Legend of Babbalo


Babbalo was a powerful wizard who was often called upon by people in distress to ward them off evil spells, spirits and demons using his prowess and knowledge of ancient Vedic rituals. He would cross the Netravati River to get to other towns, which he reportedly did on a floating plantain leaf using magical powers.

The following link will take you to his individual page in our family tree. Please click here.

He would often deal with Spirits (or Daivas) worshipped by the Tuluvas too. One such spirit, called Mundathaiya (Also known as Shri Vaidyanatha), worshipped by Tuluvas as well as GSBs had an axe to grind with him, specifically because Babbalo was an ardent devotee of Shri Tirumala Venkatramana Swamy and had no allegiance to Mundathaiya. Babbalo had, in fact, on multiple occasions warned Mundaithaya of his arrogance. (There is a shrine for Mundathaiya at Bhoota Oni (Bhoota Lane) in Bantwal. It is also belongs to a section of Bantwal Baliga Family. Even today during the annual Kola the elder of that Baliga family has to be present there.)

Since some GSBs of the town worshipped and owed their allegiance to Mundathaiya, Mundathaiya soon started yearning for control over the town, neglecting the divine presence of Shri Venkatramana.

Mundathaiya started frequenting the vicinity of the temple during his Valasari (A ritual wherein the spirit possesses an elaborately costumed person and wanders along town) much to Babbalo’s dislike.

During one such procession, he confronted Mundathaiya and warned him against violating the sanctity of the temple. Mundathaiya ignored him and started towards the temple. Babbalo struck Mundathaiya on the foot with his bamboo staff (Nagarabettha), causing Mundathaiya to permanently limp thereafter. (To this day, Mundathaiya limps during the annual Kola dance. and has come to be known as ”Chotto Mundathaiya” (“Mundathaiya with a limp”).

As a fallout of this incident, the bhootas (Spirits) were constantly on the lookout for ways to outwit Babbalo and bring about his downfall, but were no match for his wizardry and prowess.

Babbalo cautioned his family against such spirits and advised his wife to be on her guard as the spirits could even take his form or imitate his voice to gain entry into their home and thus defile their sanctity.

During one such night, one Bhoota called upon Babbale’s wife. When Babbale’s wife did not respond to the Bhoota knocking at the door, the Bhoota tried calling out to her imitating Babbalo’s voice. His wife remained unmoved. Then, the Bhoota tried to convince her that he is indeed Babbalo by pretending that he had forgotten his Panchaang (Vedik Almanac) at home, and had returned to collect it for the night’s work. The Bhoota then asked her to pick it up for him from the ledge where Babbalo used to usually store his sacred texts, among other things.  Babbale’s wife checks to find that the Almanac was indeed at home, and assumes that it is indeed her husband at the door. In her hurry, she fails to realize that the Almanac she was looking at was of the previous year.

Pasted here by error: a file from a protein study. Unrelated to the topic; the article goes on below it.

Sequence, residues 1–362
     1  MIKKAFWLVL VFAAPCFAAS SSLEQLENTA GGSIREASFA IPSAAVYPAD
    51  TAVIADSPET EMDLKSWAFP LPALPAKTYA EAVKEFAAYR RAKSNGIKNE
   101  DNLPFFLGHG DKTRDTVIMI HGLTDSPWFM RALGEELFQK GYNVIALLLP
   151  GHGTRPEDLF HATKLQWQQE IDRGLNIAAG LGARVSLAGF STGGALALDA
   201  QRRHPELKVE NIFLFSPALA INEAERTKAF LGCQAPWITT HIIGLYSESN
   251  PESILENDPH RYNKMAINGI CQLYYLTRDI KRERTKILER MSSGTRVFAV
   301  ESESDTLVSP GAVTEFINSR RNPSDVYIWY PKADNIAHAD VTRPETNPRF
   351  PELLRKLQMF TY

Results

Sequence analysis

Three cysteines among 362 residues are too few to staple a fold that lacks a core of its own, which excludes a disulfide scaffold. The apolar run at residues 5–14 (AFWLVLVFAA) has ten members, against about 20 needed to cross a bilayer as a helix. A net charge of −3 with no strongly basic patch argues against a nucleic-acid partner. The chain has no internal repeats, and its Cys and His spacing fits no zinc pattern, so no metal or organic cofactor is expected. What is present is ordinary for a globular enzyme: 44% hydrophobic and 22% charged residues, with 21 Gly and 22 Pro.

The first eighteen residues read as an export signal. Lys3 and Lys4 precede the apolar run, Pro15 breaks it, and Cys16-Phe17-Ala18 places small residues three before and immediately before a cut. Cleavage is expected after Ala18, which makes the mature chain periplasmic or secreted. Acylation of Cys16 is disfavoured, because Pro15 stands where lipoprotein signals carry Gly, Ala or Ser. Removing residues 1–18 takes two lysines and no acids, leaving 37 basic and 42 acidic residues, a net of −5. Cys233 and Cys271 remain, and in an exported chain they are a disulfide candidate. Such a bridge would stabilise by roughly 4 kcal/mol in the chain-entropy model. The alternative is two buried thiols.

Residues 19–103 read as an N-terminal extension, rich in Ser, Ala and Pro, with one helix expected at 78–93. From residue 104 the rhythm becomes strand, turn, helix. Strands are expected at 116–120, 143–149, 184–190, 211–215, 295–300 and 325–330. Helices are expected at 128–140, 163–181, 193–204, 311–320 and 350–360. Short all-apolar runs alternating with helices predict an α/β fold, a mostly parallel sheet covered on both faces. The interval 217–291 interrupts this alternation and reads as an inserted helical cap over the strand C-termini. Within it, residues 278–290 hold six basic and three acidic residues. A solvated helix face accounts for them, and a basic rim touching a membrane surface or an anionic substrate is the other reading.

When she opens the door to hand the Almanac over to the Bhoota, disguised as Babbalo, the Bhoota drops it on the floor and asks her to pick it up for him. When she bends to pick it up, as is usual with evil spirits, the Bhoota strikes her on the back.

Around this time, Babbalo is on his way across the river, astride a plantain leaf. Since Babbalo’s wife dies, his powers fail as he enters an impure condition (‘Sootaka’). Babbalo loses control over his powers and drowns in the river. Although he dies, his spirit returns to protect the sanctity of the town against evil spirits.

Several years later, Babbalo faded away from the memory of the townsfolk.. Women wearing Crossandra or Fire Cracker flowers (“Abbale”) and red sarees, were found fainting for no obvious reason when walking in front of Ashwatha Tree near the Temple.

On further inquisition, priests realized that Babbalo used to frequent the Ashwatha tree in front of the temple, and he could be directing his rage at the townsfolk this way. They subsequently found a way around Babbale’s rage by restraining him to the Ashwatha tree by hitting a nail (khare ani). This also helped confine his rage to evil spirits instead of to the townsfolk.

Thus the Ashwatha and the Katte have been since come to be known as Babbale Katte. (The Ashwatha tree has fallen down during the last monsoon for a heavy rain. A new sapling has been planted in its place.)

Down the years, it has become a tradition for members of the Baliga family to offer coconuts at the Katte on auspicious occasions (Shubh Karya) such as Munji, Marriage etc. 

Babbalo has been known to show his displeasure whenever any Baliga Family member does not acknowledge his faith to him. If a cow yields milk, at home and if family has not made any offerings to Babbalo, the cow would produce blood instead of milk.  If offerings were not made after a Munji, the Vattu has known to turn mad within a few days.

Even now Bantwal Baliga Family members make offerings of coconut to the Babbale Katte whenever there is a Shubh Karya in the family, and you can consult the priest at the Kashi Math in front of the temple on the specifics of the ritual.